Supportive therapy remains the mainstay of treatment in HUS with adequate fluid rehydration where required, [12]. The role of antibiotics is controversial in STEC gastroenteritis with some evidence that antibiotic therapy may be detrimental triggering further release of shiga toxin by bacterial lysis [13,14,15], which may explain the delayed deterioration in our patient.

A likely contribution to the pathogenesis of STEC-HUS is activation of the alternative complement pathway and so patients with life threatening complications may receive benefit with short term therapy with ecluzimab, a monoclonal antibody against C5, which inhibits terminal complement complex formation. This has already been reported as an effective treatment in atypical HUS where the role of the complement pathway is well established, [5, 15, 16]. In a case series following an outbreak of STEC (E.coli O104:H4) in Germany, rapid clinical improvement following eculizumab was reported, [17, 18]. All patients had renal failure and neurological involvement which had not responded to plasma exchange. Due to the cost of the drug, its use is limited to only the most severe cases and therefore treatment is often delayed, [19]. Within a paediatric population, early treatment of HUS with eculizimab in patients with neurological complications led to better outcomes, compared to delayed therapy initiation in patients with rapidly progressive HUS, [20].

Plasma exchange therapy in typical HUS is controversial in adults as there is a lack of evidence for its efficacy but it is used in some cases where severe neurological abnormalities exist, [21, 22]. In addition, immunoadsorption with intravenous immunoglobulins (IVIG) can also be used in this setting and has been shown to lead to improvement [23]. The rationale is based on a suspected immune-mediated mechanism to neurological sequelae, which explains the delayed onset of these symptoms in disease course.

Learning points

  • HUS secondary to STEC is well described condition in the paediatric population but its incidence and epidemiology in adults is relatively unknown.

  • The classic triad in HUS is haemolytic anaemia, acute renal failure and thrombocytopenia. Early checking of ADAMTS13 and for STEC is advised if indicated.

  • Antibiotics are relatively contraindicated in E.coli associated HUS.

  • The role of the histopathologist is crucial in the recognition of E.Coli as this can speed up diagnosis and onward management decisions.

  • Treatment is largely supportive with fluid resuscitation and dialysis if required, although more recently ecluzimab and immunoadsorption provide additional treatment options for patients who are not clinically improving.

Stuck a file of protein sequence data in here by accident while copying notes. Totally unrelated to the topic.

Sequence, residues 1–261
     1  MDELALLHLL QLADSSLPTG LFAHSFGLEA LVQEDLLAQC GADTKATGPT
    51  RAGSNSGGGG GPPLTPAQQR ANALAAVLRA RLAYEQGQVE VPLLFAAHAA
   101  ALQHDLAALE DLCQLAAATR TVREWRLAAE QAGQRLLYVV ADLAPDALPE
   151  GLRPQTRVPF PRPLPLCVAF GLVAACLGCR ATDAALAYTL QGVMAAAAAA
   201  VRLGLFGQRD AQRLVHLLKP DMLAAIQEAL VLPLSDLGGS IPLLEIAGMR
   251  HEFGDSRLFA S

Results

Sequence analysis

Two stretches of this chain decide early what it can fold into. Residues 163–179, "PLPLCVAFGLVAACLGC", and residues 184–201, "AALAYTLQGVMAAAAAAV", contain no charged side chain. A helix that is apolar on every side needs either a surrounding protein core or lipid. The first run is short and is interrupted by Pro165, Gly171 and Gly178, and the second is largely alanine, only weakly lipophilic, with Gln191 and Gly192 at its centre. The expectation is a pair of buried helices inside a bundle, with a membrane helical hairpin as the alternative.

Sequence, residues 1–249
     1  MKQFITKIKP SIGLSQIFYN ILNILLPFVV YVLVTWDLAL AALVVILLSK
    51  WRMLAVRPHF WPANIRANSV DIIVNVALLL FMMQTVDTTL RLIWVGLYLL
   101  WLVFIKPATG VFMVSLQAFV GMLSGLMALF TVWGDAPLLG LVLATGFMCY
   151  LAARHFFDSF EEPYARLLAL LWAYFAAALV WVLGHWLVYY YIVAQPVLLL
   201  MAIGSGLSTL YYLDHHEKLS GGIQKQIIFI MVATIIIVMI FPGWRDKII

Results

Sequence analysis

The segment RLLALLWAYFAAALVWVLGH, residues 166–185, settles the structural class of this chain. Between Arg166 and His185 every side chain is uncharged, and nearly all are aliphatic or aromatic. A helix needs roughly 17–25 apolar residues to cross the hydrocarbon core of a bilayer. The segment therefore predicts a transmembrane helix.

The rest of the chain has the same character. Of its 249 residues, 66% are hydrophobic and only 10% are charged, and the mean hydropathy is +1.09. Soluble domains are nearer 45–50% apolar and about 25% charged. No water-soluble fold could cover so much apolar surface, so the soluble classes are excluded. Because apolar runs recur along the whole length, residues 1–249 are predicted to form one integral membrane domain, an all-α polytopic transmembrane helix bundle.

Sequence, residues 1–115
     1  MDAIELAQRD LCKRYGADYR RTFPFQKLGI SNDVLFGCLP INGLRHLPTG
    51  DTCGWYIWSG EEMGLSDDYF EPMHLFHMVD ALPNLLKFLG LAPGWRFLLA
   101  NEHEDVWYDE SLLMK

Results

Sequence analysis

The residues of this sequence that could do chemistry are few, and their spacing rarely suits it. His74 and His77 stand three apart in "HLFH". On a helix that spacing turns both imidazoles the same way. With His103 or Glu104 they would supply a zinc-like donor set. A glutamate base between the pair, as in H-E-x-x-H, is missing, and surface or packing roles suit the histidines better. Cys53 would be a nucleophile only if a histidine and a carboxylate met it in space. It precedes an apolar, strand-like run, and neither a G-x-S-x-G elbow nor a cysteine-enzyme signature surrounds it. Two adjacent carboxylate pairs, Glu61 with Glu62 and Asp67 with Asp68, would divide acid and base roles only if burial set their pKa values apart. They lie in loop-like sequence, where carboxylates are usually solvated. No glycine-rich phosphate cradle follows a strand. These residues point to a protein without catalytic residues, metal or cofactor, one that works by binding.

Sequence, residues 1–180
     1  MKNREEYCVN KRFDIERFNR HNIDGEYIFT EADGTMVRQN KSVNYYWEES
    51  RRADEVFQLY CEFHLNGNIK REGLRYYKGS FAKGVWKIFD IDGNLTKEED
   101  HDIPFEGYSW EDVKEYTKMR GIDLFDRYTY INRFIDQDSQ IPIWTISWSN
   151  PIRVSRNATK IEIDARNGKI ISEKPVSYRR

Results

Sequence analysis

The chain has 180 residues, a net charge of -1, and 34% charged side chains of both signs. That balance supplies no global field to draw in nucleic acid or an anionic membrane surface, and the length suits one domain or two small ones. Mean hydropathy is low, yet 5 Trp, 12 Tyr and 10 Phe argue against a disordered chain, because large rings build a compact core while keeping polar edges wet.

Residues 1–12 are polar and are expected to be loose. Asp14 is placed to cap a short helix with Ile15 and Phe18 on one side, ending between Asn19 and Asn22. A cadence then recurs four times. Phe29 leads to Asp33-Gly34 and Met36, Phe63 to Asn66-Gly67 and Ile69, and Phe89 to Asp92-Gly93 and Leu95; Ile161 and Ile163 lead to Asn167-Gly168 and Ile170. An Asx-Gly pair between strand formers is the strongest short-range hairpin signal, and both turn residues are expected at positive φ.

Availability of data and materials

Not applicable. Reference list attached above.

Abbreviations

CT:

Computed tomography

E.coli :

Escherichia coli

HUS:

Haemolytic uraemic syndrome

ITU:

intensive care unit

IVIG:

intravenous immunoglobulins

STEC:

Shiga toxin releasing E.coli

TB:

Tuberculosis

TTP:

Thrombotic Thrombocytopenic Purpura

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Author information

STR admitted and reviewed the patient when they were first admitted, was also responsible for the initial case report write up. AR edited and reviewed the manuscript. AKU reviewed and edited the manuscript and helped with the literature review. PC performed histological analysis of the patient’s colonic biopsies. JL reviewed the patient from a renal perspective and reviewed the patient as an outpatient. JT was the lead consultant who was responsible for the patient’s care when he was first admitted, prior to his ITU admission. All authors have read and approved the manuscript.

Correspondence to Shiva Thambiah Radhakrishnan.

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Consent for publication

Patient consent for the case report was obtained from the patient by STR. Written informed consent was obtained from the patient for publication of this case report and any accompanying images. Consent from the patient was obtained in 2018, at which point the patient was aged 19, hence no parental/guardian consent was obtained. A copy of the written consent is available for review by the editor of this journal.

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The authors declare that they have no competing interests.

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Keywords

  • Bloody diarrhoea
  • Haemolytic uraemic syndrome
  • E.coli 0157
  • Plasma exchange
  • Shiga-toxin